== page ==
Human blood consists of
(i) Red Blood Corpuscles (R.B.C.) or Erythrocytes
(ii) White Blood Corpuscles (Leukocytes, W.B.C.)
(!!!) Thrombocytes and
They are circular, bi-convex disc-like in shape and can be seen under a microscope. Pale yellow in colour, they contain haemoglobin, a compound of iron. They give the blood its typical colour due to their preponderance, their ratio being 500:1 for (RBC: W.B.C.) respectively. The haemoglobin present in RBCs reacts with pure oxygen to form oxy-haemoglobin, which is carried to different body parts for oxygen supply.
White Blood Corpuscles are very few and have no definite shape. Their movements are like those of an Amoeba. Also called leucocytes, they act like soldiers of the body and protect it from microbial attacks. Plasma is a pale yellow liquid and contains 90% water. The corpuscles float in this medium.
CLOTTING OF BLOOD
Plasma consists of fibrinogen and serum. In the event of an external cut or injury on the body, fibrinogen is converted into fibrin which, being insoluble in serum, forms a network, in the meshes of which, blood corpuscles get trapped. It leads to the formation of a blood clot, which stops further bleeding, thereby helping the body conserve this crucial resource. Some people, due to a hereditray defect, do not experience the clotting of blood in case of injury. This medical condition is known as haemophilia.
(a) It supplies oxygen to various organs of the body.
(b) It removes nitrogenous waste products of the body.
(c) It supplies digested food to various organs of the body.
(d) It defends the body against the attack of germs.
(e) It carries the secretions of ductless glands (hormones) to different organs.
(f) It helps maintains a constant internal temperature inside the body, which is crucial to normal physiological working of the body.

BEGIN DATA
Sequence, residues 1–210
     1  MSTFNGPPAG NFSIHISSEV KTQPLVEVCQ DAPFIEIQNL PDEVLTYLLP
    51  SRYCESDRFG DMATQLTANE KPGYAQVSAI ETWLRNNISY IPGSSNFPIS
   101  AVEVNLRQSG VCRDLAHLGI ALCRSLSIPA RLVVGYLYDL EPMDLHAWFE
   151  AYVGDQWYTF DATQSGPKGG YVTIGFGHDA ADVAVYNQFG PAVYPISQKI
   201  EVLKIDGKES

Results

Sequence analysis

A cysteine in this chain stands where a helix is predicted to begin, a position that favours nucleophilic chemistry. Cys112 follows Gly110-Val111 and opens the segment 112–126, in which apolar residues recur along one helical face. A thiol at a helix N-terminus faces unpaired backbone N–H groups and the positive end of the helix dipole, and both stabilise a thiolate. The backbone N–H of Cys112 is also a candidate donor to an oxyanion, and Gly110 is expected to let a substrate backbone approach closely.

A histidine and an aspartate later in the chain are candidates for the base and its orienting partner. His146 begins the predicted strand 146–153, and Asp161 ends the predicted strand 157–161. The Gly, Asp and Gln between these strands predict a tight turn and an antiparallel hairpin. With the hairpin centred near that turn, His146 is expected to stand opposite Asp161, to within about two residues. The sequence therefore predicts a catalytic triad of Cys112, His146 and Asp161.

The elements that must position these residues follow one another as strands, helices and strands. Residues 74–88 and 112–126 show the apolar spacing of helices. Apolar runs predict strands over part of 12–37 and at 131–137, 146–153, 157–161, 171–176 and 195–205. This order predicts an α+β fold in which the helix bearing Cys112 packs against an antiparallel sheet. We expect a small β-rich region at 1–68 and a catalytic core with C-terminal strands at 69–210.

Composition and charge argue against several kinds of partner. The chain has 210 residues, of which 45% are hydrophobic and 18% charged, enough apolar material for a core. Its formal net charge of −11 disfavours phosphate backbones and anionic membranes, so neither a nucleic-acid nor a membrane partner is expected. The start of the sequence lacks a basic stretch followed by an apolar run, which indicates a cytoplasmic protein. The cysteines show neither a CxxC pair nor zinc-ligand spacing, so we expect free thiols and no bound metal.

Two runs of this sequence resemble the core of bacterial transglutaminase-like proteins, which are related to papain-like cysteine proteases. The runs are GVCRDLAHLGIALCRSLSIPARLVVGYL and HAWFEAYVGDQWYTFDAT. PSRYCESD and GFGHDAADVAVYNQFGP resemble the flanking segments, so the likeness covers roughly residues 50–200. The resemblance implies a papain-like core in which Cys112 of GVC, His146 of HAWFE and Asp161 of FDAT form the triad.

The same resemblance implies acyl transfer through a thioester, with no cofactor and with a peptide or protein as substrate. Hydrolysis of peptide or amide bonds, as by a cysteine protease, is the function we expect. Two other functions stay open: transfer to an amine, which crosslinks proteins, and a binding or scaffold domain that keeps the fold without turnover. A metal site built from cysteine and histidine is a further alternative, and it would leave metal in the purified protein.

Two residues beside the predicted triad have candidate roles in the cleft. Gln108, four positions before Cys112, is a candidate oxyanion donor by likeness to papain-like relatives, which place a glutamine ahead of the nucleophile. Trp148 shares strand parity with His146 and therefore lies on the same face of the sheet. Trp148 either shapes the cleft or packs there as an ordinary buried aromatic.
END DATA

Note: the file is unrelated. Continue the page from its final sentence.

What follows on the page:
It refers to the introduction of the blood with a similar composition and nature into a person suffering from a deficit of blood. It is absolutely safe to donate 250 c.c. or 8% of blood volume at a time if the blood groups have been properly matched. Blood Banks are there in all big cities where people can donate blood, which is stored at low temperatures and used later. These days, it is possible to segregate different components of blood and use them separately for different patients as per their specific needs. This process avoids any kind of wastage of blood components.
Karl Landsteiner (1901) is credited with the idea of classification of blood. This idea is based on the concept of antigen-antibody reactions. His classification of blood groups is : AB, A, B, and O. Patients must be given a blood transfusion of their own group with the exception of Group O, which is a universal blood group (Can donate blood to any other blood group). A person with blood group AB, as per this system, is the universal recipient i.e. can receive blood of any other blood group.
Another popular classification of blood groups is based on the presence or absence of a chemical factor known as Rh factor (derived from Rhesus monkey). If a person has the Rh factor in his blood, he is referred to as Rh+ while an Rh - person does not have such a factor in his blood. This is an aspect to be considered while transfusing blood because mixing Rh+ with Rh – blood leads to agglutination (clumping together) and immediate death.